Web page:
Gorgeous fanart of The King In Red, one of Gladstone's most prominent deathless kings--a hyper-capitalist lich who provides water for a desert city.

Fantasy allows for the unique ability to make the power of the state a tangible, quantifiable force through magical systems, and thus, more open to critique. It is clear through a close reading of the Craft Sequence, that the power (whether it be financial, political, Applied Theology or Craftwork) needed to run a state is corrupting and self-defeating.

By drawing on a wide-range of theorists (from anthropologists like Scott and Graeber), philosophers (such as Kroptokin and Baudrillard) and insurrectionary anarchists (such as Bonnano, Parsons and Makhno) we can understand Gladstone’s critique of power in The Craft Sequence on a deeper level in our own world. To whit, it is not just that the gods or Craft itself must be overthrown, the state or late-stage capitalism dashed on the ground: it is simpler to say that power itself must be abolished.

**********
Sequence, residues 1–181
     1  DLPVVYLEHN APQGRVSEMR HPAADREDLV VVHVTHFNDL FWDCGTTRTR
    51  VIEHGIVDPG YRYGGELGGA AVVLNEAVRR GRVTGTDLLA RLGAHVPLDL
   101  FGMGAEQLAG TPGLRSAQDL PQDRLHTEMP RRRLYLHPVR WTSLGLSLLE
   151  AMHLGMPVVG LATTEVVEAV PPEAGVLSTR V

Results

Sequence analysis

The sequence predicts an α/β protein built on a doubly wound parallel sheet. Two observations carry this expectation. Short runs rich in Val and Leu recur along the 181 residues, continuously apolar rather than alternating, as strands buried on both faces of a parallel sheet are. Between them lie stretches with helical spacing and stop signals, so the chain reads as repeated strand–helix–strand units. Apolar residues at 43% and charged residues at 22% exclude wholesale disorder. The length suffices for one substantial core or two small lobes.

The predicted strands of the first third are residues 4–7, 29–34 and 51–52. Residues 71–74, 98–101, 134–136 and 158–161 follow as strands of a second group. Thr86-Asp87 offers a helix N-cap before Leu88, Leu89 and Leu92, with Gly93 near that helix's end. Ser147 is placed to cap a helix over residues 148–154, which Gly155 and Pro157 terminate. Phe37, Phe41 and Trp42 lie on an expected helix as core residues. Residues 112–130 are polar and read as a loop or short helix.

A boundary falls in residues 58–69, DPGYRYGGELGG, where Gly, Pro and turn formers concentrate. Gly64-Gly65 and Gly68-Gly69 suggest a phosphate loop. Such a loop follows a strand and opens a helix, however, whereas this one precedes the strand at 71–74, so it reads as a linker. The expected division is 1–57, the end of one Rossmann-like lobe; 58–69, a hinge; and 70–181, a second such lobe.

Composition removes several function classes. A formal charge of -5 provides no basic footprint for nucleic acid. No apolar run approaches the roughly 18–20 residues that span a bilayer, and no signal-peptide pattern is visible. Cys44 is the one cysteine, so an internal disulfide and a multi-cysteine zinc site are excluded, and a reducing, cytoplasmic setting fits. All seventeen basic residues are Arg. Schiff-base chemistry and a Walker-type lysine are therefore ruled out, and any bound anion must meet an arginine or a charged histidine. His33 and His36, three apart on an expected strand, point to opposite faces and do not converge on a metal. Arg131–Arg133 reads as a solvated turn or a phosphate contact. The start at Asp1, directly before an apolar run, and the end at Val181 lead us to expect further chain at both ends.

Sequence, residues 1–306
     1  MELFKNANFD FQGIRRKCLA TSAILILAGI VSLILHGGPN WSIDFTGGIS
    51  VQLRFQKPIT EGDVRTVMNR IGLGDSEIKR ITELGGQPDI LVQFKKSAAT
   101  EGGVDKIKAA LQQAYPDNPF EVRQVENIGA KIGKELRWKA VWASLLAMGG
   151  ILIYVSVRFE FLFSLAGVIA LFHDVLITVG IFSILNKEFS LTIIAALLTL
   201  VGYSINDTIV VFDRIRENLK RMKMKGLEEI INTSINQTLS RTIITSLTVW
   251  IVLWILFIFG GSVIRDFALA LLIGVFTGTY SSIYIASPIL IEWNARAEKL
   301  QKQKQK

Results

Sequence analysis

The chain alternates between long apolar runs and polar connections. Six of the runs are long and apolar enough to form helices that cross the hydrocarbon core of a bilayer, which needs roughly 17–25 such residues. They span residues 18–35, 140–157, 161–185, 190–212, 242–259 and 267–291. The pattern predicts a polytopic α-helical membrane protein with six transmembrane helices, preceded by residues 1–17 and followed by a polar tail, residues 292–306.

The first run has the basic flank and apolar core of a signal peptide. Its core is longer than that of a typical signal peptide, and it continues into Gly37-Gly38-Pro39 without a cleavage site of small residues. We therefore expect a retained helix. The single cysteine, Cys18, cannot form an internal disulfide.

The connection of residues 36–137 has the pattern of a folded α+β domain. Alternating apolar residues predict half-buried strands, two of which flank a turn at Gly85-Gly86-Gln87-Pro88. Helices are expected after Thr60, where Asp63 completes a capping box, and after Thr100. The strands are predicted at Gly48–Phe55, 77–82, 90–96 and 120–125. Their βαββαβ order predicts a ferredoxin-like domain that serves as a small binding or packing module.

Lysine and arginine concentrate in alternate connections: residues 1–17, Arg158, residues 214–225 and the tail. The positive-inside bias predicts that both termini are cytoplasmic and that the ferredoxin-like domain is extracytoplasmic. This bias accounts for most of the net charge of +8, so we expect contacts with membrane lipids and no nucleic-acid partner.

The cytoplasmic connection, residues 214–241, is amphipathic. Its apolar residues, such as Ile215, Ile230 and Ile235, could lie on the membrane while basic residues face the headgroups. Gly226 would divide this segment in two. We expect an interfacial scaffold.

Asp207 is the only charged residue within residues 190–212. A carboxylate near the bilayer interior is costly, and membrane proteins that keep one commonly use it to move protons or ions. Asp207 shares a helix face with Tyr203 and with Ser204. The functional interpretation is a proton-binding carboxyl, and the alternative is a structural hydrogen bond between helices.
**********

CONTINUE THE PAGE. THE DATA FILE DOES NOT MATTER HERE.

Beast of Gevaudan Series

Want to understand a world where political clout and legitimacy could come from hunting the equivalent of a murderous Bigfoot in rural France? Look no further than Le Ancient Regime France in the chaos following the Seven Years War.

Brutal doesn't even begin to describe the occurrences in Gevaudan from 1764-1767--followed by 'grimly hilarious' in terms of how the nobility tried to handle it by, in effect, wagging the dog.

My Beast of Gevaudan Series began in 2020, but was swiftly sidelined by both other things and my ADD. I'll be revisiting it as the year continues.

Undisclosed anarchist project (Redacted redacted redacted so you can redacted redacted redacted while you redact).

Osugi Sakae and Ito Noe Project
Because the history of anarchism in Asia in the 20th Century--from Mongolia to Japan to the Philippines--has been sorely neglected, and I may as well make a start!